New Dignity on Wheels initiative keeps workers with disabilities busy
New Dignity on Wheels initiative provides people on motorised wheelchairs a chance to work in the food delivery business
Mr Jalil Salleh had been unemployed for more than a year since an accident in 2019 led to the amputation of his right leg.
The 53-year-old had to quit his previous job as a technician due to his injury.
Two months ago, he finally found a job as a cashier at Dignity Kitchen, a foodcourt located in Boon Keng and managed by both able-bodied staff and people with disabilities.
Dignity Kitchen is a venture by social enterprise Project Dignity. More than 60 per cent of its employees are differently abled or disadvantaged.
"I am happy and thankful for the job as I have been struggling to support my wife and mother, and also to put my two daughters through school," said Mr Salleh.
Recently, he took on the additional responsibility of a food delivery rider under Dignity Kitchen's latest initiative, Dignity on Wheels.
Announced on May 18, the initiative offers food delivery by motorised wheelchair to locations within 1km of the foodcourt.
Mr Salleh's motorised wheelchair was purchased using the government-funded Open Door Programme (ODP) Job Redesign Grant administered by SG Enable.
Mr Tan Ko We, assistant chief executive of SG Enable, said it has been working closely with Project Dignity since 2015 to provide the ODP Training Grant for food and beverage and food preparation training.
Despite having a dual role as both a cashier and delivery rider, Mr Salleh said the workload has not been too taxing, and he is motivated to do well.
Giving employees such as Mr Salleh a sense of purpose and pride is "the whole reason why we do what we do", said Project Dignity's assistant general manager Cindy Berlandier.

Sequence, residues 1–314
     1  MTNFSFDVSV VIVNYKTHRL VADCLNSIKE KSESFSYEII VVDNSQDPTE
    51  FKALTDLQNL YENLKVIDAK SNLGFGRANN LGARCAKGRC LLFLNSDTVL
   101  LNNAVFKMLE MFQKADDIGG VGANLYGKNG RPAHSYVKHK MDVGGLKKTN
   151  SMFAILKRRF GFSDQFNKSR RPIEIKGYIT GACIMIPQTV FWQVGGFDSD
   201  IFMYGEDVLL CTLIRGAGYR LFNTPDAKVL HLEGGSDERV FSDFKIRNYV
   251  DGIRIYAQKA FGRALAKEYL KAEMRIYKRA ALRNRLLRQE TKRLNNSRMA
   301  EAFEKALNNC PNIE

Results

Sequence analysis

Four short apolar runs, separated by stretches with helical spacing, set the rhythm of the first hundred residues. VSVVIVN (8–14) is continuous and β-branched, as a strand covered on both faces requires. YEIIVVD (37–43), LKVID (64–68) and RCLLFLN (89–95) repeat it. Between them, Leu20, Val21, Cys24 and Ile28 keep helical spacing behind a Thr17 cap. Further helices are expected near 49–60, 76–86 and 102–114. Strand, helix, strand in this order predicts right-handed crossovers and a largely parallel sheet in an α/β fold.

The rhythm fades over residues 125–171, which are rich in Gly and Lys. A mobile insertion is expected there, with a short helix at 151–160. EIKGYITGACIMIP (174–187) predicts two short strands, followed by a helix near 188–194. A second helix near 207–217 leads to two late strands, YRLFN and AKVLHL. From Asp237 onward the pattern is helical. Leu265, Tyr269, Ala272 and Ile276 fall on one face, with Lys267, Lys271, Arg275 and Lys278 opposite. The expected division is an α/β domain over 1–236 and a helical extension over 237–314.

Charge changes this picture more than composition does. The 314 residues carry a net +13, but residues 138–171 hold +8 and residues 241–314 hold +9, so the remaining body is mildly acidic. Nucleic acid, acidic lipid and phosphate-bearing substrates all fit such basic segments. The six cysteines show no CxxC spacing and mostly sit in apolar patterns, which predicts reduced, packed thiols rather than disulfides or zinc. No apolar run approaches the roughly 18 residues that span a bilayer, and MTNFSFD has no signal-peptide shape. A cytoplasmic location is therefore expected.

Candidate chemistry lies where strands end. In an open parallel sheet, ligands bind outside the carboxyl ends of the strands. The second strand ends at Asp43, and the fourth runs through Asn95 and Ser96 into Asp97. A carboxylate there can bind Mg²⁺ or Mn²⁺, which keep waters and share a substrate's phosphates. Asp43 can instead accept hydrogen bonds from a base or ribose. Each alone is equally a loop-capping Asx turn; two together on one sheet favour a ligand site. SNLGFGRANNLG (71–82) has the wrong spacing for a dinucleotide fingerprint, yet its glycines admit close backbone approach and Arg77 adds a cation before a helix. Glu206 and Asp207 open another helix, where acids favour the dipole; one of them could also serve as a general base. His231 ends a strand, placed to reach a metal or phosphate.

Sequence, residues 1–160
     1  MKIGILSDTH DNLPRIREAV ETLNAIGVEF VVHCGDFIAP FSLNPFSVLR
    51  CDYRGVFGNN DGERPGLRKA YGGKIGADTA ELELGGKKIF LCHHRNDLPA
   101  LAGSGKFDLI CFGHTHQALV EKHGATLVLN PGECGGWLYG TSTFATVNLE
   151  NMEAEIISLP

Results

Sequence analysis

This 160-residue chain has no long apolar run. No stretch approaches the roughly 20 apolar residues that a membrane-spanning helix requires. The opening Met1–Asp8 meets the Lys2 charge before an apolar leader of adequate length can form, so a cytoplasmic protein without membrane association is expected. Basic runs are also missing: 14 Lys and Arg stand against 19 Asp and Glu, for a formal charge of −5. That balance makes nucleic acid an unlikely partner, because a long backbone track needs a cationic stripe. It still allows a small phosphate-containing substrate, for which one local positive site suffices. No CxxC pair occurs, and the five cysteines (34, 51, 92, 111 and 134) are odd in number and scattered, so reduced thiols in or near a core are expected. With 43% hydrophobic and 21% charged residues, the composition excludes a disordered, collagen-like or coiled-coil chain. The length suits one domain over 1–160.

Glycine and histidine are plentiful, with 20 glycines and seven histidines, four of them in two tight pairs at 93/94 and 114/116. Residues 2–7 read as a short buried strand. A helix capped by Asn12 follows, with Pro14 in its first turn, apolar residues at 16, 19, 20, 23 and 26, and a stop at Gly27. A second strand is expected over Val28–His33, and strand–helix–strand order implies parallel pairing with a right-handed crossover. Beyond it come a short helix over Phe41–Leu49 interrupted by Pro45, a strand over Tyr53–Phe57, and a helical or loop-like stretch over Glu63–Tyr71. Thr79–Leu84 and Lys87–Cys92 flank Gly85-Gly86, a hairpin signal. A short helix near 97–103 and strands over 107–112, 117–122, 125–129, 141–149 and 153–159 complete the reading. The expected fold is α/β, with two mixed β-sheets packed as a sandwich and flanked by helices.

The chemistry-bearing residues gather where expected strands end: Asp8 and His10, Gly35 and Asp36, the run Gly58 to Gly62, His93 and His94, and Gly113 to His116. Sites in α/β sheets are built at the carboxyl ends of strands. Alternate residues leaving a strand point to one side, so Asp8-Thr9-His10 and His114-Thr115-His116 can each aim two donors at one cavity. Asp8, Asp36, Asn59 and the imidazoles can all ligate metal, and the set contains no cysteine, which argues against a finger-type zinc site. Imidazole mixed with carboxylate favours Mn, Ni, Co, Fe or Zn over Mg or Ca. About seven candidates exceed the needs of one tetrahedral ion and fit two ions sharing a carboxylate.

"We teach our workers the standards that they have to meet, and they are able to do it afterwards. We give them these responsibilities because this is what it means to give them dignity," she added.
Mr Lam Shao Wei, who has mild intellectual and learning disabilities, has been with Project Dignity since 2014.
The 24-year-old underwent Dignity Kitchen's in-house training programme and now helps out at the chicken rice and Malay stalls at the foodcourt by preparing ingredients and packing orders.
He said: "Sometimes I get confused and nervous when there are too many orders, but the staff take care of me and they praise me when I do well too."
Mr Lam used to struggle with anger management and low self-esteem, but with his supervisors' guidance, he now gets along well with his co-workers.
There has been an outpouring of support for the Dignity on Wheels initiative.
Ms Berlandier said: "Sometimes we get bulk orders from people living in the same block of flats, and it has been so heartwarming to see the community supporting our social mission of providing our workers with gainful employment. We are truly very blessed."